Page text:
by David Shott
Doomsday may have arrived: the National Football League has begun to lockout its players. The owners and the players do not seem close to formalizing a new Collective Bargaining Agreement. Without this deal in place, it is very possible that there may not be a 2011 NFL season. This is a huge amount of money that the NFL would be losing through ticket sales and a large decline in merchandise sales, and it seems strange that both parties would be willing to forgo this income for the 2011 season. So why has it come to this standstill?
Since the negotiations between the players and owners following the 1987 NFL strike, the two parties have been working under essentially a 50/50 split of all revenues. The players and their agents are perfectly content continuing to work under this platform, but the owners want to change the percentage distribution. And change it quite dramatically. The owners are proposing that it will now be under a 58/42 split in their favor. Each percentage point that it changes is roughly 500 million dollars shifting hands, so this is 4 billions dollars that the owners are trying to take out of the players' hands. The owners do have more expenses than the players, so I do agree that they should be taking in more money than the players. This much seems to be a bit extreme though, so somehow the two parties need to come to a compromise, and do so quickly.
The next issue that has been complicating matters is that the owners also want to extend the season from 16 to 18 games. Seems harmless enough, right? This means more revenue would be generated that will be distributed amongst all parties. However the additional revenue earned is very minimal for the players. What extra money they do make, which is not all that large to begin with, must be divided between all the players. Is this small increase in pay worth them risking serious injury of playing two more violent games? Most players contend that it is not. It does seem pretty absurd from an a third party's perspective that the owner's would suggest that the revenue distribution be shifted heavily away from the players and then request that they put themselves through two more grueling Sundays. One thing that must be considered, however, is the positive effect that additional games will have on the economies of the cities in which the games are being played.
A rookie hard cap on salary is yet another request that owners are demanding in their proposal to the players. This is something that I endorse heavily and something that I feel has been a long time coming. It is pretty outrageous that unproven rookies can come into the league and get contracts that dwarf those of All-Pro players. Players need to earn their salaries and not simply be handed inordinate amounts of money based solely on their draft position. Tell me if this sounds right to you: in 2009, Super Bowl MVP Tom Brady had a base salary of 8 million dollars. Not too shabby, you could argue. However that same year Chris Long, a second year defensive end for the St. Louis Rams, earned a salary of 19.1 million dollars. I guess those 4 sacks he racked up the previous year seem worth that hefty contract, huh? This seems like a change that needs to be made, and most veteran players appear to be on board with this too. (On the flip side, it probably wasn't the smartest move for you to stay in school an extra year when you could have been the #1 overall pick last year eh, Jake Locker?)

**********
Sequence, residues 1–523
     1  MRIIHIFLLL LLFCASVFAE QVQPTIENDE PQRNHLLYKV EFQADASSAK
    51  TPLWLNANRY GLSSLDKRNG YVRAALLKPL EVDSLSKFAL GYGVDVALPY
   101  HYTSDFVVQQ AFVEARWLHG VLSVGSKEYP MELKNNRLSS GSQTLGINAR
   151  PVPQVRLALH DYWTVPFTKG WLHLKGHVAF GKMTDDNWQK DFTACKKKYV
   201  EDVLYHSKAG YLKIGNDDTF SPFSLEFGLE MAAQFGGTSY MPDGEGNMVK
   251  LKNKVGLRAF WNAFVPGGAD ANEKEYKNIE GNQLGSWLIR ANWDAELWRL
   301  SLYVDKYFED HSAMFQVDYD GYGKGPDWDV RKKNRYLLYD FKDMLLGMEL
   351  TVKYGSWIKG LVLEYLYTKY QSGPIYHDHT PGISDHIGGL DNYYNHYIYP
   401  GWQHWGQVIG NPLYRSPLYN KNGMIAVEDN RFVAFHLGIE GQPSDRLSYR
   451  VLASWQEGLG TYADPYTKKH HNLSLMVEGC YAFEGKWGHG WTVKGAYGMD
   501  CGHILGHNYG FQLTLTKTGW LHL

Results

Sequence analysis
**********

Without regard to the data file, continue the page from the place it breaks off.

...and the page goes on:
We have laid out several things that may change under the new CBA to this point. But what effect is this lockout having on teams such as the Bengals right now? For starters, there currently is no free agency period. Normally starting on March 4, free agency will not begin until an agreement is firmly in place. The draft in April will still go on however, and this will be of even more importance than normal. Because of the uncertainty of when free agency will begin (if at all) coupled with changes to the salary cap, teams will need to strike gold through the draft. Normally teams can address their needs first through free agency, and then supplement these deficiencies through the draft. Now the draft might be all they have until the season starts, whenever that may be. Oh and rookies, you will not be able to negotiate a deal with the team that drafts you until the owners and players come to terms on a new CBA.
The owners and players ultimately need to come down from their high horses and see it from the perspective of the opposing party. The owners cannot reasonably expect that the players will be fine with losing 4 billion dollars; maybe a 46/54 split could work. Also, the cons seem to far outweigh the pros in extending the season 2 more games. I do agree with capping the rookie contracts as they seem to be getting ridiculous, but until an agreement is in place, they will not be getting any money. One thing for sure, a new agreement needs to instituted...and quickly. No season means both sides will lose billions of dollars and could lead to fans losing their allegiance to this great sport. The only positive spin-off from this whole ordeal that I can see is that at least Carson Palmer will not be making any money with no deal in place…